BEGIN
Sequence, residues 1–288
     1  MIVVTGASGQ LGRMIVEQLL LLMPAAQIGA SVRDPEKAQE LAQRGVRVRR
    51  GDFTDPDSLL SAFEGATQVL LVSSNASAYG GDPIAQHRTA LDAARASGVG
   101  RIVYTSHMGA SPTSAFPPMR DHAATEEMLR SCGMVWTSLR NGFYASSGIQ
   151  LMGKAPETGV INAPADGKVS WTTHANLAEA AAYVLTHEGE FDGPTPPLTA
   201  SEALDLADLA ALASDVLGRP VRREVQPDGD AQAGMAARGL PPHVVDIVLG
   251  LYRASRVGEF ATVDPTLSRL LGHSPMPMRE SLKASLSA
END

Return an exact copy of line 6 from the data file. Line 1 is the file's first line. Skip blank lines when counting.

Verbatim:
   201  SEALDLADLA ALASDVLGRP VRREVQPDGD AQAGMAARGL PPHVVDIVLG